NEWS 2014

Genomic Repeat Abundances Contain Phylogenetic Signal

Steven DODSWORTH¹,², Mark W. CHASE²,³, Laura J. KELLY¹,², Ilia J. LEITCH², Jiří MACAS⁴, Petr NOVÁK⁴, Mathieu PIEDNOËL⁵, Hanna WEISS-SCHNEEWEISS⁶, Andrew R. LEITCH¹
Systematic Biology (2014)
doi: 10.1093/sysbio/syu080
¹School of Biological and Chemical Sciences, Queen Mary, University of London, Mile End Road, London E1 4NS, UK
²Jodrell Laboratory, Royal Botanic Gardens, Kew, Richmond, Surrey TW9 3DS, UK
³School of Plant Biology, The University of Western Australia, Crawley WA 6009, Australia
⁴Institute of Plant Molecular Biology, Biology Centre ASCR, Branišovská 31, České Budějovice, CZ-37005, Czech Republic;
⁵Systematic Botany and Mycology, University of Munich (LMU), Menzinger Straße 67, 80638 München, Germany
⁶Department of Systematic and Evolutionary Botany, University of Vienna, Rennweg 14, A-1030 Vienna, Austria

Dodsworth et al. 2014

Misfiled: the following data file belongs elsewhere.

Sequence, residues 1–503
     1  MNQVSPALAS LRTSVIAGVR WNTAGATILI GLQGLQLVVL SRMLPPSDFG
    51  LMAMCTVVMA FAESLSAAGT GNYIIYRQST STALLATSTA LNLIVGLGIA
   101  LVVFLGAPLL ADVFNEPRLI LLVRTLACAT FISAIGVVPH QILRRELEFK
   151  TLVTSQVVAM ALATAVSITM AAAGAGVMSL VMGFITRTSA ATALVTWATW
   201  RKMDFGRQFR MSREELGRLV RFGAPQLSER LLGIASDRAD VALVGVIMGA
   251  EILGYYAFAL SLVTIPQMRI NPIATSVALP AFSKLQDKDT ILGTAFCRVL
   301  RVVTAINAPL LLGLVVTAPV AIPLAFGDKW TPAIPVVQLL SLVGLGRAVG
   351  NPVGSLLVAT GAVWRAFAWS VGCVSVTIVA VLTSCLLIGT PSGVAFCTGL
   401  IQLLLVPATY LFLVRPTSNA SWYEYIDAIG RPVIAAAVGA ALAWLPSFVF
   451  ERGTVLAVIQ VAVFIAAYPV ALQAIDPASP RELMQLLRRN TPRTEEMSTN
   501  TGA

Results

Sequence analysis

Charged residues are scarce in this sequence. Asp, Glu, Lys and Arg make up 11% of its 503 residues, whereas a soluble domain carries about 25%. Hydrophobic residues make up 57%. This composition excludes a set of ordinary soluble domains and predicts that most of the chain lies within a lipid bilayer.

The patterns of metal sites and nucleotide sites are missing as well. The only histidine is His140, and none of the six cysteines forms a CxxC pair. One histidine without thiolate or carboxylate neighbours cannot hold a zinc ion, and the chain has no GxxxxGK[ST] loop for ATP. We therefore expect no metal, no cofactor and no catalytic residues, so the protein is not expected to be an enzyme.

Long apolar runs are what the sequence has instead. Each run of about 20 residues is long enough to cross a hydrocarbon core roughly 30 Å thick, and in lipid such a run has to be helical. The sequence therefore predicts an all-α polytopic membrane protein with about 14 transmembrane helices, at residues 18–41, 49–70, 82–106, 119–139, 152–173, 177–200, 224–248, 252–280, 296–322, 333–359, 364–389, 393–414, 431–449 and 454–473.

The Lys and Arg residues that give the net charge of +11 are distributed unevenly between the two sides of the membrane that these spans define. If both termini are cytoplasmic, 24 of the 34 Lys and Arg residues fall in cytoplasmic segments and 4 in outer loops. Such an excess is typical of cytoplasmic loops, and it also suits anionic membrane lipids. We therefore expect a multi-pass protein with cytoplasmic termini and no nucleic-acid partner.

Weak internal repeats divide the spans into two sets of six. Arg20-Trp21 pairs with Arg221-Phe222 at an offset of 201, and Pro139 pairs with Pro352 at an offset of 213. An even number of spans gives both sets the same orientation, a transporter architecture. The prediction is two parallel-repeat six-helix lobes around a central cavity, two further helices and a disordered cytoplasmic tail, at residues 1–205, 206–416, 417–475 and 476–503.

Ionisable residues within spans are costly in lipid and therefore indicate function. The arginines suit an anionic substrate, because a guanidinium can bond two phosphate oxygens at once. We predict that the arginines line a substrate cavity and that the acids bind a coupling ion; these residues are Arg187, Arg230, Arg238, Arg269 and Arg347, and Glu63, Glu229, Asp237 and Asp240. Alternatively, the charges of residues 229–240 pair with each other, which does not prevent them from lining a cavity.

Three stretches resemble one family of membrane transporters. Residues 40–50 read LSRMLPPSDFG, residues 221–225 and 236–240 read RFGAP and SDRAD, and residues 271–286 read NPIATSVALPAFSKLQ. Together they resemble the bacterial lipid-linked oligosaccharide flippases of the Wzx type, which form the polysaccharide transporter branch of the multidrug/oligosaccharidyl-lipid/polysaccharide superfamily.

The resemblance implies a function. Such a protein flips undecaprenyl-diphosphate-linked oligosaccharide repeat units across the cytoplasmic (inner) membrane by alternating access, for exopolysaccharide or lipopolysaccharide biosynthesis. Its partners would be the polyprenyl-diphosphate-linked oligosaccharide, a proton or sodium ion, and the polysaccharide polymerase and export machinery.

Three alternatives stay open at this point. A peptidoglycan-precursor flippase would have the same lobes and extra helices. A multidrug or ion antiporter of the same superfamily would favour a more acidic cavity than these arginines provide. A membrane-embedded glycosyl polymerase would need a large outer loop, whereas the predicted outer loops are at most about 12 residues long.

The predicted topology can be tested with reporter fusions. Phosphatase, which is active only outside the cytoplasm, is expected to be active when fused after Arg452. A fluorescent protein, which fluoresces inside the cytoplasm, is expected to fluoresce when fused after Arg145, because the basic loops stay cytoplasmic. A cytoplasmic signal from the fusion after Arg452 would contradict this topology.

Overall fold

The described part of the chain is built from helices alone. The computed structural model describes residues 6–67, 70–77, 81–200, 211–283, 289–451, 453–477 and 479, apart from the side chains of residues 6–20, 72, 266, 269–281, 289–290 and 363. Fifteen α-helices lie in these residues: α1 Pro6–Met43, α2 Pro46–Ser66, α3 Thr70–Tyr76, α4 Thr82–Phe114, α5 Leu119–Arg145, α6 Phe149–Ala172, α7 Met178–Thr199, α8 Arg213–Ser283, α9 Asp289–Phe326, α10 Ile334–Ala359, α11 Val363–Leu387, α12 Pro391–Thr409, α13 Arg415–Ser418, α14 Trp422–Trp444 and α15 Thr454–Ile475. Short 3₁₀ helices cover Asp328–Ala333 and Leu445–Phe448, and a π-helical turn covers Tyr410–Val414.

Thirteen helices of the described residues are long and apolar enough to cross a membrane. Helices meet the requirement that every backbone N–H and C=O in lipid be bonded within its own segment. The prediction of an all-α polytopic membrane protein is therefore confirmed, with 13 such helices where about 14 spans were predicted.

A large proportion of genomic information, particularly repetitive elements, is usually ignored when researchers are using next-generation sequencing. Here we demonstrate the usefulness of this repetitive fraction in phylogenetic analyses, utilising comparative graph-based clustering of next-generation sequence reads, which results in abundance estimates of different classes of genomic repeats. Phylogenetic trees are then inferred based on the genome-wide abundance of different repeat types treated as continuously varying characters; such repeats are scattered across chromosomes and in angiosperms can constitute a majority of nuclear genomic DNA. In six diverse examples, five angiosperms and one insect, this method provides generally well supported relationships at interspecific and intergeneric levels that agree with results from more standard phylogenetic analyses of commonly used markers. We propose that this methodology may prove especially useful in groups where there is little genetic differentiation in standard phylogenetic markers. At the same time as providing data for phylogenetic inference, this method additionally yields a wealth of data for comparative studies of genome evolution.

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